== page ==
What next for video culture?
As early as 2002, and before phone streaming, The Henley Centre publicised an emerging shift in the way people receive information – away from the written word and towards the audible-visual word or video. Having recently hit the billion-user mark, TikTok epitomises this trend. Many explanations for the rising popularity of video can be identified, like nuanced content, the ability to stream user generated content (UGC) or the evolution of video technology. What’s less clear, is how video culture will evolve.
Video culture exploded during Covid
The impact of Covid on the media landscape is omnipresent and not just in the increased use of Teams, Zoom and Webex. As vehicles for facilitating learning, exercise and community as well as providing relatability and virtual presence, social media videos became a valuable resource during lockdown. Joe Wicks became a household name after regularly uploading PE videos intended to keep children fit and football watchalongs became a popular substitute for in-person match day atmosphere.
While Covid provided an impetus, technology was the enabler. As the popularity of video explodes, consumers expect their chosen content to be accessible anytime anywhere, using the device that best suits their needs. With the ascendancy of 5G, the extra bandwidth required for video is increasingly reliable.
The appeal of amateur video
TikTok enjoyed a meteoric growth that outpaced Facebook and WhatsApp reflecting the clear preference amongst social media users for video content. Its appeal lies in its ability to communicate and entertain using short UGC videos. While anyone with a phone can upload content, it also has commercial benefits as a channel for influencer marketing.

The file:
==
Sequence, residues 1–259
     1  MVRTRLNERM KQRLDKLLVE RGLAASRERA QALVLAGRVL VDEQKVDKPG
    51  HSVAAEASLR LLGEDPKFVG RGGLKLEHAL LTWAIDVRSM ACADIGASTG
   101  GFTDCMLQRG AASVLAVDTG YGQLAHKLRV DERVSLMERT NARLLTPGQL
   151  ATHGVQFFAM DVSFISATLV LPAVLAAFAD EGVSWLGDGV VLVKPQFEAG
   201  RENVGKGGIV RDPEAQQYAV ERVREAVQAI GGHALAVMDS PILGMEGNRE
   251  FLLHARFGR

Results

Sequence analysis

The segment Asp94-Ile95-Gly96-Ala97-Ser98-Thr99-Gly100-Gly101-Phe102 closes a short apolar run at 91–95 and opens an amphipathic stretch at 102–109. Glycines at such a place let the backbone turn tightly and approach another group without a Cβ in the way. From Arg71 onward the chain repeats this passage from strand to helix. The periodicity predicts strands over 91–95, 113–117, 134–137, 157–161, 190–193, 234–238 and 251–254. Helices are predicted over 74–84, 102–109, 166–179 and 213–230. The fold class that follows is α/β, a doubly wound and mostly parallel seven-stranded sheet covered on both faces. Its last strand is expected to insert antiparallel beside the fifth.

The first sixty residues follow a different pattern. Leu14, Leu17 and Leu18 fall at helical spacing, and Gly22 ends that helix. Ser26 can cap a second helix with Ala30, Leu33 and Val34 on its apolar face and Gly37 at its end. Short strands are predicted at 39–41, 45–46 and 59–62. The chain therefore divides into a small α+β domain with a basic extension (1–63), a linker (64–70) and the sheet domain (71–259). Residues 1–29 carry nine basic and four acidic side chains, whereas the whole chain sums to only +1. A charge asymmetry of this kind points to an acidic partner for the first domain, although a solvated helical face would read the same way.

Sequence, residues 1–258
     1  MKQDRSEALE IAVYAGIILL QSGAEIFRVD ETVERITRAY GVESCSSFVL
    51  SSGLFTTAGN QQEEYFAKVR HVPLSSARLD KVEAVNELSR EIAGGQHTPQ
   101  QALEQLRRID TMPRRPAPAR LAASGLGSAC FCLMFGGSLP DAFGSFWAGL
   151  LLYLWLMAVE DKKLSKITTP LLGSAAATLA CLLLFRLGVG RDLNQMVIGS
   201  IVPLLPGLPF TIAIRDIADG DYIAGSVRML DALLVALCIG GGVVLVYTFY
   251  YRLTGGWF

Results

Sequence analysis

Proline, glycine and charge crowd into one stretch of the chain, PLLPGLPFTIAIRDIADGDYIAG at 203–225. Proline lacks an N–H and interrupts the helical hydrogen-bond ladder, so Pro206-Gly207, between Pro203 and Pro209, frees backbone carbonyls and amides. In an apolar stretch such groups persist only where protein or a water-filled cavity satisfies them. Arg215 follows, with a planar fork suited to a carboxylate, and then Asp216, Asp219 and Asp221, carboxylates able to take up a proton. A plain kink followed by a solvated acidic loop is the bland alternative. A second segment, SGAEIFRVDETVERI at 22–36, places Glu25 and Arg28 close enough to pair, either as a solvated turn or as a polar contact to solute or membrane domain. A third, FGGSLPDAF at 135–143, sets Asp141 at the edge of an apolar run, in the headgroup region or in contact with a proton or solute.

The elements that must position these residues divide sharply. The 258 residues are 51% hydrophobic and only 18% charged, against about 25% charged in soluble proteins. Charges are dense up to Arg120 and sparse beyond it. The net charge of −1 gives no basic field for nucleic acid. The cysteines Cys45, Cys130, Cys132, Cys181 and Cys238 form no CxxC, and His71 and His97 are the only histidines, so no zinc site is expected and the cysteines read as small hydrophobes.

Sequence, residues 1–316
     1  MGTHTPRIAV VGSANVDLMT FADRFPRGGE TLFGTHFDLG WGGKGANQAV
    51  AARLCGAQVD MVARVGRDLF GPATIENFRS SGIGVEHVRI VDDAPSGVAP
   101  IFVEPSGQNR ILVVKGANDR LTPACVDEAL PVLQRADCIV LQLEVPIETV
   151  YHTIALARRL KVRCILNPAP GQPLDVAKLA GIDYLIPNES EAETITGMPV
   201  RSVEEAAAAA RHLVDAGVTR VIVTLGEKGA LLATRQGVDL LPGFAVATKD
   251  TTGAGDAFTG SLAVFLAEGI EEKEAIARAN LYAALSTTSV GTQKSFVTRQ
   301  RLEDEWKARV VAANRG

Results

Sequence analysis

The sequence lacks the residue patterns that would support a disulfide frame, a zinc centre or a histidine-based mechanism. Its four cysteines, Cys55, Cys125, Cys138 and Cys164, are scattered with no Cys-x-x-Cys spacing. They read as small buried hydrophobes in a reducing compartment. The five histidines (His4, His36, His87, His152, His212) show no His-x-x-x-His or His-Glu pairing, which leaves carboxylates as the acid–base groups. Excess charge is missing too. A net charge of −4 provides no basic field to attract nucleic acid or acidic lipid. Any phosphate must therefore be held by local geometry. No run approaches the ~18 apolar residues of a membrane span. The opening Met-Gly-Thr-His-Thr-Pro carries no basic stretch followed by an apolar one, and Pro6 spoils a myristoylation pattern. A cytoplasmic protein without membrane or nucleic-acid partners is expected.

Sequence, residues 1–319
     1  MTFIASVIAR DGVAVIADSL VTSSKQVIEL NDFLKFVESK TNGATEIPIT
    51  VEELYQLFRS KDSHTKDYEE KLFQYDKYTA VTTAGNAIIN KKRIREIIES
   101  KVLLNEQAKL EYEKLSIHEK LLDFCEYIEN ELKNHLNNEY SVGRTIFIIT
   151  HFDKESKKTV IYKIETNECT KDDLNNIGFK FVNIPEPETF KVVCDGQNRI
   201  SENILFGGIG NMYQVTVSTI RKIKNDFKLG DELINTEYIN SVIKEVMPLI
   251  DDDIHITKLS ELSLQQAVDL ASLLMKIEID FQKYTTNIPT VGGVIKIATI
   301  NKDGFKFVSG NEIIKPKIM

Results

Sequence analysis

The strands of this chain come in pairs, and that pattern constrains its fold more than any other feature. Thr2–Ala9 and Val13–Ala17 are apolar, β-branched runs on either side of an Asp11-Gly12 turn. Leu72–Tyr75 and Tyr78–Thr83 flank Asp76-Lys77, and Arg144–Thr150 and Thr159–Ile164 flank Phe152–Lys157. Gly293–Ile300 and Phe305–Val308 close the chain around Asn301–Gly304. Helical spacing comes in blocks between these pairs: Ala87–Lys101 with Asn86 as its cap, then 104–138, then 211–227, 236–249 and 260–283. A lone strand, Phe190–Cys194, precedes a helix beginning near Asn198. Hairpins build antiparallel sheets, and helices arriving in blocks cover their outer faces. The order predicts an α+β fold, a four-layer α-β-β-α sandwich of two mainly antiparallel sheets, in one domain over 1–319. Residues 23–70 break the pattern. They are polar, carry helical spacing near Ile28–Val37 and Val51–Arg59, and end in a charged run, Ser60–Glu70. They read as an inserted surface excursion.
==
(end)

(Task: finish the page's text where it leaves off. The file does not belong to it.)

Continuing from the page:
YouTube boasts 2.3 billion users worldwide after launching in 2005. 79% of internet users, including the Duke and Duchess of Cambridge, have their own YouTube account where they control the video narrative and receive global feedback. Whether it’s the #WithMe videos creating a sense of community or the sharing of real-time experiences like birthdays, YouTube viewers are watching over a billion hours of video every day as video increasingly plays a prominent role in how we navigate our lives.
AI continues to make its mark. DALL.E 2 is an AI that can create images based on natural language. This opens up the possibility of a huge number of new images being generated. It might not be long before this type of technology can create videos as well.
The impact on the industry
Research conducted by Davies Hickman for Avaya indicates that the Media & Entertainment industry is reshaping as a result of changing trends in technology and customer behaviour. Video game usage has grown as well as subscription video on demand and advertising paid for video streaming. Disney+, rolled out in November 2019, had 86m subscribers within a year while in 2020 Amazon Prime boasted 200m members and Netflix 192m subscribers worldwide.
Immersive reality, both augmented and virtual, is already being used in diverse settings from retail to medical and is expected to grow and diversify. AI is enabling much needed video search functions. Immersive storytelling and role-playing interactive video dramas like Minecraft and Fortnite are set to grow in both popularity and their demographic reach.
With Britons spending a third of their waking time watching tv and online videos, can the video culture continue to grow? Will consumers be faced with further choice or will the current providers refine their offerings? Will digital platform companies swallow up broadcasters and content producers?
A fortune teller armed with a crystal ball at the turn of the century would have been hard pressed to predict the video landscape today. However what is clear is the need for organisations to evolve the way they communicate with their customers, given these trends in video culture.
What next for video culture?